The mission of the AVC is to guard the legacies and honor the sacrifices of all American veterans. Through oral history preservation, educational programs and civic events, we preserve the stories – and lessons – of veterans past and present, from which future generations can learn.
In that time, the AVC has grown to join our nation’s elite institutions in preserving our shared military history and passing it on to future generations. The AVC is also the home to Emmy-winning television and multimedia programming sharing the stories of those who have served.
Programs of the American Veterans Center
- Annual Veterans Conference & National Youth Leadership Summit. The AVC’s signature event, held each Veterans Day weekend, brings together America’s most distinguished veterans. They share their lessons and experiences with an audience of hundreds of students from each of our military service academies and more than two dozen ROTC programs from across the country. The program provides an opportunity for tomorrow’s leaders to meet with and learn from the legends that have preceded them.
- Veterans’ Oral Histories. Over its history, the AVC and the World War II Veterans Committee has recorded to audio and video the stories of thousands of American veterans from World War II to the present day. Select interviews are featured as video oral histories, while all interviews are provided to the Library of Congress’ Veterans History Project for use by future researchers.
- The Wounded Warrior Experience. Filmed annually for television, the Wounded Warrior Experience both spotlights the inspiring stories of service members recovering from their wounds in combat and calls attention to services available to veterans, particularly those suffering from the “unseen wounds” of post-traumatic stress, traumatic brain injuries, and the risk of suicide.
- Andrew J. Goodpaster Prize and Lecture. Presented annually in conjunction with the Lynde and Harry Bradley Foundation, the Goodpaster Prize and Lecture spotlights outstanding work among America’s “soldier-scholars.”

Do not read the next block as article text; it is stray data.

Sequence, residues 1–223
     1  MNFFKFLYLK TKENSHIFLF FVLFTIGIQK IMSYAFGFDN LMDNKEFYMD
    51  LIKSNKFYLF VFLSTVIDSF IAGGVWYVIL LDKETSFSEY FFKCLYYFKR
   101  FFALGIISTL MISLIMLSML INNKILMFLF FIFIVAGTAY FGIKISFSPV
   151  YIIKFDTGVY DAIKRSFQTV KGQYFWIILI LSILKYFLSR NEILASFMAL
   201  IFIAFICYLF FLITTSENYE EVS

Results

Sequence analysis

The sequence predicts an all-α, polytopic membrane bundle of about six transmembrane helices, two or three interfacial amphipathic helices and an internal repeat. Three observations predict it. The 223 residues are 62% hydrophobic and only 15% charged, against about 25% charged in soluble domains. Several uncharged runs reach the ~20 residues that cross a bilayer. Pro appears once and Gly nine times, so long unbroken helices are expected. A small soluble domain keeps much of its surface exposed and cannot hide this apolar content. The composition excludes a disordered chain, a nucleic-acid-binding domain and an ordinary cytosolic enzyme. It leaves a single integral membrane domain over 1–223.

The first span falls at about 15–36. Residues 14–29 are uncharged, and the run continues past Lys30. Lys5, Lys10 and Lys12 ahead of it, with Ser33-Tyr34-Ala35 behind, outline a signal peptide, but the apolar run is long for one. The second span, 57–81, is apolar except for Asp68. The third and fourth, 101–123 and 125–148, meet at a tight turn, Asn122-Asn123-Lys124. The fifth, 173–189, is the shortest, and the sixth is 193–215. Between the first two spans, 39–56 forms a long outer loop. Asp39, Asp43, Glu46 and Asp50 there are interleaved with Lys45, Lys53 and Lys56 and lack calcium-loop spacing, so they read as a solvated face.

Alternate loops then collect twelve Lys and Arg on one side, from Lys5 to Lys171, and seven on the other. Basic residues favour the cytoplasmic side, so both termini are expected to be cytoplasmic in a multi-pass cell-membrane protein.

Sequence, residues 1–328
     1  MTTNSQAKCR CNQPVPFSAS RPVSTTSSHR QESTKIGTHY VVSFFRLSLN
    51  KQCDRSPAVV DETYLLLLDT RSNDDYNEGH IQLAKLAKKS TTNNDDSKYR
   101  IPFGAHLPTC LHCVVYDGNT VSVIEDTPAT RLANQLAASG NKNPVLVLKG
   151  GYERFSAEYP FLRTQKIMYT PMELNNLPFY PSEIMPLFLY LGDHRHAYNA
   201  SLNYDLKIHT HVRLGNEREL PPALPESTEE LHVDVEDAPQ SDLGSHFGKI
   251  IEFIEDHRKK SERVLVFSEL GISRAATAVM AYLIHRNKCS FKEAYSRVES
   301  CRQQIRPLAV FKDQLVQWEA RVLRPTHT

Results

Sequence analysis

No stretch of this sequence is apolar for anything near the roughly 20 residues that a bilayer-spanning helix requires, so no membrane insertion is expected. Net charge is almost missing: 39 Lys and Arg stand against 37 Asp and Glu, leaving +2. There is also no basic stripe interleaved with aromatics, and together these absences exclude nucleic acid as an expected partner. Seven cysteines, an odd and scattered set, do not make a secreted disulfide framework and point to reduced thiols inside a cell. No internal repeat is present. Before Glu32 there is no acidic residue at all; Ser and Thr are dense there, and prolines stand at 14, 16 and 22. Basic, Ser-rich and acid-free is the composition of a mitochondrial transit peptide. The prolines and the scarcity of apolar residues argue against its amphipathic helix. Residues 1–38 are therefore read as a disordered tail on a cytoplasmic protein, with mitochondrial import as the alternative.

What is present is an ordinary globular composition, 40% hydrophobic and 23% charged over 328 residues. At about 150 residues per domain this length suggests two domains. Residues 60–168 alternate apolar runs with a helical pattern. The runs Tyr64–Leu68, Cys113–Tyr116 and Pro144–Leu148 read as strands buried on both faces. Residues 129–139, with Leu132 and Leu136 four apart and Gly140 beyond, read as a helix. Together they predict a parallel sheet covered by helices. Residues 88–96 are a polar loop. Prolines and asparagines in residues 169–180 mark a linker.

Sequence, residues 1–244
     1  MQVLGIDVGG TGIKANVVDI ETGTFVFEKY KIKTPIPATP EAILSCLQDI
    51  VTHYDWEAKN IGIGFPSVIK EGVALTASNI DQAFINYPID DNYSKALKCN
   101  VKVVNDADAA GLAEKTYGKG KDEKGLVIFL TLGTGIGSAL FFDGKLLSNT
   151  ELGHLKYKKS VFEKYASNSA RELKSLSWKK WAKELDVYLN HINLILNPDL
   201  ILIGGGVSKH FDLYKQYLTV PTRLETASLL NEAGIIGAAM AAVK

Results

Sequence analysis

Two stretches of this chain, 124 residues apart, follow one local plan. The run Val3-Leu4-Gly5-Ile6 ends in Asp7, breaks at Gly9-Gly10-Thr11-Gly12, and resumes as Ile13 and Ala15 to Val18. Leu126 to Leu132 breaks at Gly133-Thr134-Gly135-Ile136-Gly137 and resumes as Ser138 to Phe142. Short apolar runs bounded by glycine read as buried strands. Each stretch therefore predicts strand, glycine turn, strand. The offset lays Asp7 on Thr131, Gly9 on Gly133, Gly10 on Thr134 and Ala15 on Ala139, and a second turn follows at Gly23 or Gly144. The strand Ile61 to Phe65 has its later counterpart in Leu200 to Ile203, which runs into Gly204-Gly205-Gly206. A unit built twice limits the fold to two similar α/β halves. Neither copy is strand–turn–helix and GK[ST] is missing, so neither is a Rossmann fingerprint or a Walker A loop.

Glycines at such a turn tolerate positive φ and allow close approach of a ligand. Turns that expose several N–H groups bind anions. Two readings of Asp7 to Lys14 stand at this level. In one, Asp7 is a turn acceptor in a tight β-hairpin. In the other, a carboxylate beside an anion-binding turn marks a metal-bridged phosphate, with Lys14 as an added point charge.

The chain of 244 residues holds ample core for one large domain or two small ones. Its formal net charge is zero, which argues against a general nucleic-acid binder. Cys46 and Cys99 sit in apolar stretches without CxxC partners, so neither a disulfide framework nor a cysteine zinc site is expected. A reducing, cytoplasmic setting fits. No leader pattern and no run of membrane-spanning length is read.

- The World War II High School Curriculum. Created by the World War II Veterans Committee, a comprehensive curriculum that can be used by teachers and students to supplement their knowledge of the importance World War II played in both American and World History.
- The National Memorial Day Parade. Now our nation’s largest Memorial Day event, with some 300,000 spectators and a national television broadcast, the parade was inaugurated by the AVC in 2005 along Constitution Avenue in Washington, DC. The parade is a moving timeline of American military history, calling attention to the true meaning of the holiday – saluting our nation’s fallen heroes.
- American Valor: A Salute to Our Heroes. The first televised awards show saluting our military heroes from across the generations and recipient of an Emmy Award for television excellence, The Honors brings together heroes from World War II to the present day, spotlighting the very best of who we are as Americans.
- American Valor Quarterly. The AVC’s official magazine, AVQ features first hand stories from American heroes, adding their voice to the historical record.
- Documentary Programs & Television Specials. Including the recently released Doolittle’s Raiders: A Final Toast, which premiered at the U.S. Capitol’s visitor center and aired on public television nationwide.
- Veterans Chronicles. Airing weekly on the Radio America network and a popular podcast, Veterans Chronicles features interviews with the men and women who saw – and made – history.
Among many other programs you can learn about throughout our website.
HELP GUARD THE LEGACY OF ALL AMERICAN VETERANS
The American Veterans Center is funded solely through charitable gifts from foundations, corporate supporters, and thousands of generous individuals like you.
We are honored to carry on this important mission, and welcome your support.